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The Eight Deadly Sins of Investing, Part 2

Learn four more common investing mistakes -- and be sure to avoid them.

Editor's note: Arne Alsin's column runs exclusively on; this is a special free look at his column. For a free trial subscription to, click here. This article was published Jan. 17 on RealMoney.

This is Part 2 of Arne Alsin's two-part column on common investing sins. If you haven't already, please take a look at Part 1.

If you want to be a great investor, you have to avoid the big mistakes -- or sins -- that amateurs often make. Capital is too dear, too difficult to acquire in the first place to needlessly squander it in the markets because of avoidable mistakes.

Against a backdrop of sub-2% T-bills and certificates of deposit, and after two years of tough equity markets, it's hard to imagine a better time to get serious about investing. Many investors haven't made any money on a net basis for a few years running.

While I sometimes refer to the market as a game, in reality, it's anything but. The markets are ultra-competitive with sky-high stakes. Let's make another attempt, then, to become better investors by looking at more of the deadly sins of investing and how to avoid them. (Be sure to read

Part 1 of this two-part column to get filled in on the first four.)

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    The sin of living in the past. We've had a number of speculative phases in the past 20 years -- in energy, real estate, gold, biotech, big-cap growth stocks and, most recently, technology and telecommunications. Even though many investors refuse to give up, speculative booms always end the same way: A long period of exceptional performance is followed by a long period of underperformance. Besides the obvious tech/telco excess lingering from the last cycle, investors should also be wary of big-cap growth stocks. I've made the case several times here that value is not to be found in the big-caps: in an Aug. 9 column on the Dow, in a bearish piece on 3M, another on Tyco and still another on GE. Making money was easy in the last cycle. In this one, it's more difficult, requiring work to uncover value in small- and mid-cap stocks. The sin of thinking it's easy. Bull markets tend to breed a lot of hubris on the part of investors. I know that many investors rode the raging bull market into the year 2000, thinking they were smart. As those investors know now, making money in equities is anything but easy. Even if you pick the right stocks, you can still lose in the stock market with poor money management. See Part 1 of this column for a discussion of the formula for mediocrity: Commissions + Slippage + Taxes = Mediocrity. Being a successful investor requires the right mix of patience, a workable methodology, discipline and moxie -- and that's required just to have a chance to win. There is no book, no secret formula and no system that will ensure success in the stock market. Nobody has all of the answers. Find something that works. For me, it's getting down and dirty in a stack of financial statements each and every day. I'm constantly learning, obsessively trying to uncover that next gem that I can saddle up and ride for a while. The sin of following the crowd. Following the wisdom of the consensus is a one-way ticket to underperformance, without exception. It's natural and comforting to be part of a group. If you want to make money, though, do as I said in a recent column: Get uncomfortable. All of my stock picks are companies with problems, and they're unloved by the crowd. However, there's power in that dynamic. The average pick so far is way ahead of the S&P 500 -- by 28%, on average. The key here is that the market overreacts to the downside when problems arise at a company, and importantly, future company prospects are heavily discounted. This spells opportunity for the adroit investor. The sin of emotional investing. Are you a serious investor? Then check your ego at the door. To the extent that your investing conversation is sprinkled with "I have a feeling" or "I just know," you're committing the sin of emotional investing. Sometimes an emotional investor will get lucky -- but that luck could prove problematic because that same investor will begin to trust his or her instincts. As a result, "I have a feeling" could very well end up costing plenty. Another example of emotional/ego-related investing is the fixation on the price paid for a stock. Investors wrestle with sell decisions based on how much they have invested -- but it shouldn't matter. The price paid is a sunk cost and should have no influence on the decision to buy more, sell or hold. I also see amateurs let their emotions rule the day when the market is in a sharp upswing or downswing. Learn this simple mantra and repeat it when things are moving fast on Wall Street:The market is never as good as it seems (such as in 1999 and early 2000), and the market is never as bad as it seems (September 2001).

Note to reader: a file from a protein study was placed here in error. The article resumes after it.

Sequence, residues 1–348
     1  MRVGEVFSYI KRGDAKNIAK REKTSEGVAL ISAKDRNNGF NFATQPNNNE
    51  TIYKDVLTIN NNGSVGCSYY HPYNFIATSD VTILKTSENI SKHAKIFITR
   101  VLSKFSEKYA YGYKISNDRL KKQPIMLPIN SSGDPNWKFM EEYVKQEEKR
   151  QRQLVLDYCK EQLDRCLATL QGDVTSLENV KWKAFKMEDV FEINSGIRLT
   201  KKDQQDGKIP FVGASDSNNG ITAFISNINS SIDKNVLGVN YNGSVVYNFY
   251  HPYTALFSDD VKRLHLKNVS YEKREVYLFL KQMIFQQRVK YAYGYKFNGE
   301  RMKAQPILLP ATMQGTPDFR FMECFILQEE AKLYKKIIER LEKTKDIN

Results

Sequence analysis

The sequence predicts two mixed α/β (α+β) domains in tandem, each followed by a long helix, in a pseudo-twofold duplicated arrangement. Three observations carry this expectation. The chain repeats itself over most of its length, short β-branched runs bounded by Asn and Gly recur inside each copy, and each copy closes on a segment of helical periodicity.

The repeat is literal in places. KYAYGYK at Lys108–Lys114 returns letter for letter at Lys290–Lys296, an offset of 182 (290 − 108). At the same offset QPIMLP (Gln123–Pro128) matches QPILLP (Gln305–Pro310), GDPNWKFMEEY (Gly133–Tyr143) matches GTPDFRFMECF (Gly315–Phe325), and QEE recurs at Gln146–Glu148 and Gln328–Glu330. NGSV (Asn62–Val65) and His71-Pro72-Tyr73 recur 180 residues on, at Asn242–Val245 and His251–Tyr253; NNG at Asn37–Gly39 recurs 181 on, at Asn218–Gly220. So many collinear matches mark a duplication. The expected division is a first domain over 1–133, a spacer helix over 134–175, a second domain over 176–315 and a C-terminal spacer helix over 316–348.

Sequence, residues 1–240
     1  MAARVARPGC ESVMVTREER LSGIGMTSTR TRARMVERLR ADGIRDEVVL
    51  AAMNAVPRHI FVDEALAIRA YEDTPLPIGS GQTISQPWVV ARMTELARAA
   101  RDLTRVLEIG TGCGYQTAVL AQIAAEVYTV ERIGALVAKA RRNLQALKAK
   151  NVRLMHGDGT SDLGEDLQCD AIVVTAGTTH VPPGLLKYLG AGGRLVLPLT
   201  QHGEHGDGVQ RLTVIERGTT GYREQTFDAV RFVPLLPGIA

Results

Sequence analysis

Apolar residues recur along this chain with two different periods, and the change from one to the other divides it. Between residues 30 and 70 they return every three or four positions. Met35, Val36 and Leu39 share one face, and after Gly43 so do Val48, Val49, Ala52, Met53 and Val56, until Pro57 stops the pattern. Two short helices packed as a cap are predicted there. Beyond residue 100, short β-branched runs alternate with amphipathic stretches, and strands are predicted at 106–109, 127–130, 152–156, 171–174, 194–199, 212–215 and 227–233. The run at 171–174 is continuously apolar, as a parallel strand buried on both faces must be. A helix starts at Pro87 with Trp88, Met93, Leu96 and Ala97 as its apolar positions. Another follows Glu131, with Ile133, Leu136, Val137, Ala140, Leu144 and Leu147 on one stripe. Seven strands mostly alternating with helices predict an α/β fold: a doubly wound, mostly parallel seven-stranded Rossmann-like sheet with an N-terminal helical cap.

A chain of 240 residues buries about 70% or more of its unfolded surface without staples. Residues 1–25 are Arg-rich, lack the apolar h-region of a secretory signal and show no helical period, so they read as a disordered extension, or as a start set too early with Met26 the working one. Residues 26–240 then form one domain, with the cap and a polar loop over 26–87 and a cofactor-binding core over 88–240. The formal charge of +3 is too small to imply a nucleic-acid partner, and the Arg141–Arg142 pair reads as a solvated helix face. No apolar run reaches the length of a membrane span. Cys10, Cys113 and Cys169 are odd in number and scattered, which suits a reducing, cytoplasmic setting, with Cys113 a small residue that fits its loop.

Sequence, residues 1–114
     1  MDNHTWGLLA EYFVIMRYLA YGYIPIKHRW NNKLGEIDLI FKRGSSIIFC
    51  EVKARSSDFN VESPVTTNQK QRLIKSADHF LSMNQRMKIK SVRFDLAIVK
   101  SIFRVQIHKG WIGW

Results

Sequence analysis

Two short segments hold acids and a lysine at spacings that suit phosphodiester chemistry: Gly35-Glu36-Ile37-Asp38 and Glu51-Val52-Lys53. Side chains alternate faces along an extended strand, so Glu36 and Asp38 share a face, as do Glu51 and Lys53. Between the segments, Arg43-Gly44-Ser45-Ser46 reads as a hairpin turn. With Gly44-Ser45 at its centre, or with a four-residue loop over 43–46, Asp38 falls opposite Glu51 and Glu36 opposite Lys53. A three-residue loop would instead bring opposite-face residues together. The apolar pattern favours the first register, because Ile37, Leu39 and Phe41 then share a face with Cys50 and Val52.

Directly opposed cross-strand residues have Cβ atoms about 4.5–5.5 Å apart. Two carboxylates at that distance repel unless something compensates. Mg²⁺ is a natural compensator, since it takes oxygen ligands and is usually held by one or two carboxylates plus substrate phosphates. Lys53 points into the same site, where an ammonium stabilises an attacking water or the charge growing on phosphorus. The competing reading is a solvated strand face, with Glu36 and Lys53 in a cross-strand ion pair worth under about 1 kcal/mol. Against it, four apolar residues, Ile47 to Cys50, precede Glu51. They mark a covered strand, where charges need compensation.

Arne Alsin is the founder and principal of Alsin Capital Management, an Oregon-based investment advisor specializing in turnaround situations. At time of publication, Alsin and/or ACM had no positions in any of the securities mentioned in this column, although holdings can change at any time. Under no circumstances does the information in this column represent a recommendation to buy or sell stocks. Alsin appreciates your feedback and invites you to send it to